By Emil Danielyan
The Organization for Security and Cooperation in Europe toned down its initial, largely positive, assessment of Armenia’s recent presidential election on Friday, citing serious irregularities that were witnessed by its observers after the closure of the polls.
In its final election report, the OSCE observer mission in Armenia said the freedom and fairness of the February 19 vote was “devalued” by fraud registered during the vote count and recount.
“While the 2008 presidential election mostly met OSCE commitments and international standards in the pre-election period and during voting hours, serious challenges to some commitments did emerge, especially after election day,” concluded the report.
“This displayed an insufficient regard for standards essential to democratic elections and devalued the overall election process. In particular, the vote count demonstrated deficiencies of accountability and transparency, and complaints and appeals procedures were not fully effective.”
The disputed election, which thrust Armenia into its worst political crisis in nearly a decade, was monitored by about 300 observers representing the OSCE’s Warsaw-based Office for Democratic Institutions and Human Rights (ODIHR). Several dozen other observers were deployed by the parliamentary assemblies of the OSCE and the Council of Europe as well as the European Parliament.
In their joint statement issued on February 20, the mainly Western observers said the election was administered “mostly in accordance” with democratic standards. The preliminary verdict gave a major boost to the international legitimacy of Prime Minister Serzh Sarkisian’s election victory and was welcomed by the Armenian authorities.
But it sharply contrasted with local press reports of widespread vote buying, multiple voting and beatings of proxies of the main opposition candidate, Levon Ter-Petrosian. The latter refused to concede defeat and demanded a re-run of the vote. Tens of thousands of people attended his daily post-election demonstrations in Yerevan that were suppressed by the authorities on March 1.
The OSCE mission reiterated that voting was assessed overall positively in 95 percent of polling stations visited by the observers, something which it described as a “notable improvement” over the previous Armenian presidential election held in 2003. “However, intimidation and
attempts to manipulate the process were evident in some areas, and the authorities did not
adequately address these issues as they emerged on or after election day,” it said.
The report said observers saw busloads of people outside some polling stations and tried to clarify whether they were bribed to vote for a particular candidate. “In the vicinity of a polling station in Shengavit (Yerevan), IEOM observers saw voters receiving money from a man who was ticking entries from a list of names,” it said.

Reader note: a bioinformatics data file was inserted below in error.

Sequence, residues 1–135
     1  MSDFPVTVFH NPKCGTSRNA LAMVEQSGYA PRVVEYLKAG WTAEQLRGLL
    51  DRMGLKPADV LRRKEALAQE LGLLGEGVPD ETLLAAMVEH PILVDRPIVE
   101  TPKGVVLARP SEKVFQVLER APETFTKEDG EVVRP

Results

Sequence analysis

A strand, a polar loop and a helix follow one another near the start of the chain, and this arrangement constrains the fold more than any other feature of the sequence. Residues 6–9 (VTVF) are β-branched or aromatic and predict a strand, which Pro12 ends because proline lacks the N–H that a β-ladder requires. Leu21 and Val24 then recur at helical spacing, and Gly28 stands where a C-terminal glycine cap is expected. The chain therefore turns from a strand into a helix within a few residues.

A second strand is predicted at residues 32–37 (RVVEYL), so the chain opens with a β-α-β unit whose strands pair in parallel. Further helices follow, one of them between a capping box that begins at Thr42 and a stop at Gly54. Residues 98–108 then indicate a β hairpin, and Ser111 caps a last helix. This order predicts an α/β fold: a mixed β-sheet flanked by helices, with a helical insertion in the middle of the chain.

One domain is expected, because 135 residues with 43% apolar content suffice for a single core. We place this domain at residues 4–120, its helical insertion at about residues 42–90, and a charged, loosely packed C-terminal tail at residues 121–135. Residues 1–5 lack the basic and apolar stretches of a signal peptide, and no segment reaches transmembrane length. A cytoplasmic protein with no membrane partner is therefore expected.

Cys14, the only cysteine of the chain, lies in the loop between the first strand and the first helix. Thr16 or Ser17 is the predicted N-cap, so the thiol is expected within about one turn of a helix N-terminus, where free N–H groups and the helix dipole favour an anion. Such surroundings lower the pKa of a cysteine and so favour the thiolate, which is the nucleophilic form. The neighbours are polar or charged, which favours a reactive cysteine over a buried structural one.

The mission stood by its earlier assertion that the vote count was “bad” or “very bad” in 16 percent of precincts observed. “Observers witnessed inconsistencies in determining valid votes, unwillingness to show marked ballots, attributing votes for one candidate to another, signing protocols before completing the vote count, signing blank protocols, changing data entered in protocols, and failure to display protocols publicly as required by law,” it explained.
According to the OSCE/ODIHR, further evidence of serious fraud came to light during vote recounts that covered about 7 percent of Armenia’s 1,900 or so electoral precincts. “The majority of recounts observed showed discrepancies and mistakes in the original count, some of them significant, or other serious problems occurred during the recount,” said the report.
The report also criticized the government-controlled Central Election Commission (CEC) for its handling of complaints filed by candidates. “The CEC considered them mostly in informal meetings to which proxies, observers and the media were not invited, and dismissed them without adequate investigation,” it said. “Consequently, candidates were not granted an effective means of redress.”
Another problem reported by the OSCE observers was Armenian broadcast media’s “negative” coverage of Ter-Petrosian that contrasted with their heavy promotion of Sarkisian’s presidential bid. The observers also said many local government officials actively campaigned for the establishment candidate while performing official duties. “There were accounts of local government employees and public-sector workers being obligated to attend Prime Minister Sarkisian’s campaign events,” read their report.
On the positive side, the report noted the fact that Ter-Petrosian and other opposition candidates were generally free to hold campaign rallies across the country. “The authorities made
efforts to provide a permissive campaign environment,” it said.
The report also contains a long list of recommendations which the OSCE/ODIHR believes would improve the conduct of future Armenian elections. The authorities in Yerevan have responded to similar recommendations in the past by making changes in the Election Code.
In a separate statement, Christian Strohal, director of the ODIHR, said further legislative changes alone would not address chronic electoral fraud in Armenia. “There is a sound legal basis for holding democratic elections in Armenia – the deficiencies noted in our report resulted primarily from a lack of determination to apply existing laws and rules effectively and impartially,” he said.